The screenplay goes even further. It examines how each individual expresses their blackness, and about the importance of activism in that expression. Ron wants to change the reality for black men and women who want to be police. Patrice refers to police, even Ron, as Pigs. The divide between the police and the black community is high, and we see several instances of police brutality and violence on screen. The screenplay crackles with dozens of ideas and works to flesh them out over the course of the film. It’s a difficult task, but Lee and his fellow screenwriters execute the concepts brilliantly.
Meanwhile, the film features some really great performances. There aren’t any actors or actresses that are weak links. Each brings something unique to the table. Best in show probably goes to Pääkkönen, an unknown to most American audiences. Some may have seen Pääkkönen for his turn on A&E’s Vikings, but he may find his way into the Oscar race with his performance here. He’s got the loudest role of anyone in the film, which gives him more standout and creepy moments along the way. Topher Grace is good as David Duke, and its easily a career best for him. We also get comedy from Paul Walter Hauser, in a role extremely similar to his role in “I, Tonya” last year.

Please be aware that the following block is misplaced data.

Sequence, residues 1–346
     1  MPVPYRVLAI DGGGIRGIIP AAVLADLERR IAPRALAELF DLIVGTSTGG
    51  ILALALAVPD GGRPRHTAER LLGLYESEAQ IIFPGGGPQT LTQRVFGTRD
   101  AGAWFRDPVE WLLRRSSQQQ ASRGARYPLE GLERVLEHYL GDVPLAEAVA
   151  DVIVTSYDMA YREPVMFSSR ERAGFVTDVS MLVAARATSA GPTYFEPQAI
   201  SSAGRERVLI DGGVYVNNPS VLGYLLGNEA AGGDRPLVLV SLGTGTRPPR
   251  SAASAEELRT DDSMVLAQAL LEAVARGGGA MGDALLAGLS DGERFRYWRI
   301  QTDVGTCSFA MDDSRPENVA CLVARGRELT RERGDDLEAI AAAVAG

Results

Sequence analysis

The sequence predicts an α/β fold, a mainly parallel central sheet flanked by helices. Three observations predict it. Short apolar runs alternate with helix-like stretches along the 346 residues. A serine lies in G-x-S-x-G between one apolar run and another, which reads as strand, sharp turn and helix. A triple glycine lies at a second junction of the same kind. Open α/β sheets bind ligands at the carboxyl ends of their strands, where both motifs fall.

Then there’s Washington and Driver, who each give very strong performances. However, both are extremely subtle, to the point where they make difficult work look easy. Washington could be an extremely strong actor, and while it is unlikely he’ll ever be his dad (Denzel), he has his own chops making him attention worthy. Washington does something special here, bringing in a lot of complex emotions and making them feel natural and real. Driver is the most consistently strong, but it’s not a career-best (“Patterson” or “Logan Lucky“) but it’s also above average work.
The direction from Spike is also very good. He brings together a crew to execute his vision to perfection, and his fingerprints are all over it. This includes some very good work with his editor, Barry Alexander Brown. They know how to use old film well, and keep the pace of the film throughout. It’s an extra punch that really helps the movie continue to feel kinetic, even in its darker moments. Spike’s command over the way music is used throughout is strong, helping to elevate moments that could have fallen flat in a lesser director’s hands. His style breathes life into many moments across the film. For everything that Spike adds to the film that feels a little on the head, he adds just as much back through his other signatures. This is the film that cements Lee as one of the greats of all time, and this will go down as one of his best.
With “BlacKkKlansman,” Lee has delivered another excellent film in his filmography. His best since “Do the Right Thing,” Lee returns to the pinnacle of his field. The film flows from moment to moment, and ushers in one of Lee’s best screenplays. With a strong ensemble attached, focused on a half-dozen topics, Lee brings a wacky story to life. It will be among the year’s best and stakes its claim as one of the most relevant films of the decade.